A series of Greek rulers attempted to maintain the Hellenizing goals of Alexander the Great in Bactria (modern Afghanistan), long after his death in 323 BCE. The most famous ruler in this line was Menander I (ca. 160–130 BCE), who achieved immortality in Buddhist literature by engaging in a debate with the Buddhist sage Nagasena. Their talks, set out as a series of dilemmas to be posed and (if possible) resolved, became an important exposition of Buddhist ideas and supposedly led to the conversion of Menander (“King Milinda”) to Buddhism. In any event, the Milindapanha reflects the fusion of Greek and Indian traditions of philosophy, in the fascinating cauldron of world contact that existed in Central and South Asia.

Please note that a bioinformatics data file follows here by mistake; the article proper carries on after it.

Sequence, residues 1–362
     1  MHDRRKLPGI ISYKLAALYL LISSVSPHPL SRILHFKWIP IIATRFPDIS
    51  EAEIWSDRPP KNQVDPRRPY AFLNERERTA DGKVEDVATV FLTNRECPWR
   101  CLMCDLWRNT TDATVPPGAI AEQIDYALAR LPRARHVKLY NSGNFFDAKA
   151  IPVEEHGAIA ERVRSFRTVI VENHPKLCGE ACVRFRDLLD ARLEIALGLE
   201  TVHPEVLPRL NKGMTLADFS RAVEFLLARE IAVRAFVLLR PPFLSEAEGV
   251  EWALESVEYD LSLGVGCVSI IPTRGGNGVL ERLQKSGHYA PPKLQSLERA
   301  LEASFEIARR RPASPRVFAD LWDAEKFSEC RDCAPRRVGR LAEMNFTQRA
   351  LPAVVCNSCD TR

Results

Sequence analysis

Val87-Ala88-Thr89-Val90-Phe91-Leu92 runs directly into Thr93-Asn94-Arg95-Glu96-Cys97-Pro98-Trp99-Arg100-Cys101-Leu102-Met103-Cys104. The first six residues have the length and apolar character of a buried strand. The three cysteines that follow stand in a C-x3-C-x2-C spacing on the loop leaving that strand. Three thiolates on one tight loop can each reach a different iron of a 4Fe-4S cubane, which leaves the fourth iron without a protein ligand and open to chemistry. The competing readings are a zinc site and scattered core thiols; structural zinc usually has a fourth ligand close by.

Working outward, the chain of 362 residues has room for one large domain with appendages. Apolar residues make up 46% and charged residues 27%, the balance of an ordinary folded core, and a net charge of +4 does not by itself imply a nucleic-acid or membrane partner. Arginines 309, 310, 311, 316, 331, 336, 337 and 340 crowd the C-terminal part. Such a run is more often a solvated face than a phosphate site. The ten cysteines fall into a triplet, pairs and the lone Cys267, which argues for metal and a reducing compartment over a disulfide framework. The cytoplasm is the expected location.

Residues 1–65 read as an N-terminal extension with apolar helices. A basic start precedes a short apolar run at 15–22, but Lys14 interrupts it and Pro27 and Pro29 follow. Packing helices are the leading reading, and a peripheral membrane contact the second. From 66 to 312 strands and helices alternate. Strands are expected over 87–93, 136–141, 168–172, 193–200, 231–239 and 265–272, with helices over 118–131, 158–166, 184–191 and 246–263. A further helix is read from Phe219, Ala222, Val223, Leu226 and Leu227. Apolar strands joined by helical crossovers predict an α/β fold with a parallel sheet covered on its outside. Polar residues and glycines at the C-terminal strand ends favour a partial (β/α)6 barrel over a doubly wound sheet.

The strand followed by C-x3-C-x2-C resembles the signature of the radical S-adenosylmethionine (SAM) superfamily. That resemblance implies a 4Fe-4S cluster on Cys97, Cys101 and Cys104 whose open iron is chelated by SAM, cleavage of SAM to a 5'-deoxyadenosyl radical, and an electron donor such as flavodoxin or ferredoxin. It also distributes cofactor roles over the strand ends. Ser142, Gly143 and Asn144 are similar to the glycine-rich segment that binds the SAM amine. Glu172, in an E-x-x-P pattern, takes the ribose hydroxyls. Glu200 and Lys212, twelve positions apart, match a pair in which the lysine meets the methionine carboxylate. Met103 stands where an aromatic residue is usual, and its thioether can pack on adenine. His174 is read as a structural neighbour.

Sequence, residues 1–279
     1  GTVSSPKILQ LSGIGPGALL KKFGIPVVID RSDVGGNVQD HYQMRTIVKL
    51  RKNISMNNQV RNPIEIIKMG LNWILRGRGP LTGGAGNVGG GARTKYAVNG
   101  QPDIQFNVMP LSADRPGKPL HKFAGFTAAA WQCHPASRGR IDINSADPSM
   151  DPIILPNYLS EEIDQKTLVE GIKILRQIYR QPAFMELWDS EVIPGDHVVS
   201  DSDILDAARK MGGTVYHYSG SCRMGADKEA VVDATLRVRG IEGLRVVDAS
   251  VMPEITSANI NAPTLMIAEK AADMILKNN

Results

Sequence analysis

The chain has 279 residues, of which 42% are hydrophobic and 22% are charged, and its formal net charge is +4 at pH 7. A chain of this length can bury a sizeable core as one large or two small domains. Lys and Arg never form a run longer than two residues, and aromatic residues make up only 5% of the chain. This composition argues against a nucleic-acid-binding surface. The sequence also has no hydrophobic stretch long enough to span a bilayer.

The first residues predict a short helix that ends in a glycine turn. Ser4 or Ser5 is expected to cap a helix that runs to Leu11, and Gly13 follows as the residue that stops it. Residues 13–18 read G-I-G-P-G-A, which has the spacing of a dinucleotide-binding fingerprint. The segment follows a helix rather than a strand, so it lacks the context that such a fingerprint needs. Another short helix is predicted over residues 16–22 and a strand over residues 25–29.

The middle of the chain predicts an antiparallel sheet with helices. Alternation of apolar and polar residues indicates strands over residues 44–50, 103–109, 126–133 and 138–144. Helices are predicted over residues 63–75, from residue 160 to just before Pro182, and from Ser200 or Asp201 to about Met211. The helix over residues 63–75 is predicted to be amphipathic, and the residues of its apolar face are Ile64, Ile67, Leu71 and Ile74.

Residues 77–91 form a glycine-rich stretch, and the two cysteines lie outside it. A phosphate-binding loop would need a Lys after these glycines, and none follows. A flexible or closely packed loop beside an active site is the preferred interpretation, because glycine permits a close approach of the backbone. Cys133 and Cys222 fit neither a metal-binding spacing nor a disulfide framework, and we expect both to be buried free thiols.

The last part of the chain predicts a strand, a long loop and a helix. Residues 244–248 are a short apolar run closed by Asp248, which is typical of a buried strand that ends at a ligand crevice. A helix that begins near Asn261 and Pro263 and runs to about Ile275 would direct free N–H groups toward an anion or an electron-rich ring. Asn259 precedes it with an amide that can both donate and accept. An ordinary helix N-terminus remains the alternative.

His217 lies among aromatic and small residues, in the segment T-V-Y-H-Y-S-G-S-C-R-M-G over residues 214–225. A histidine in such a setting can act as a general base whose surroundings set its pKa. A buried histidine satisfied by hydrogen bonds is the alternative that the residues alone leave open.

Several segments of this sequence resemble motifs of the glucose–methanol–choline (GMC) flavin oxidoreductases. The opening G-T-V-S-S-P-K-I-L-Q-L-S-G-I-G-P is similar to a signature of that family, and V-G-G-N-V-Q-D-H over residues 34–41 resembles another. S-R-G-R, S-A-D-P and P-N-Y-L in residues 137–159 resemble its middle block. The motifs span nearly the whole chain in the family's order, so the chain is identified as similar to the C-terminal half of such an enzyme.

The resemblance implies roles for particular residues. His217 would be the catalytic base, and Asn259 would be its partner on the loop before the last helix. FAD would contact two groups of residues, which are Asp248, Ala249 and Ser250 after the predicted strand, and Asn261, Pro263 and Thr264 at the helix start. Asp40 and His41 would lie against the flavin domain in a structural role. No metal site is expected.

The Questions of King Milinda, trans. T. W. Rhys Davids, vol. 2 (Oxford: Clarendon, 1894), 4–7 and 20–22.
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Thrown to the lions in 275 CE by the Romans for refusing to recant his Christian beliefs, St. Mamai is an important martyr in the iconography of Georgia, a Caucasian kingdom that embraced Christianity early in the fourth century. This gilded silver medallion (“tondo”) depicts the saint astride a lion while he bears a cross in one hand, symbolizing his triumphant victory over death and ignorance.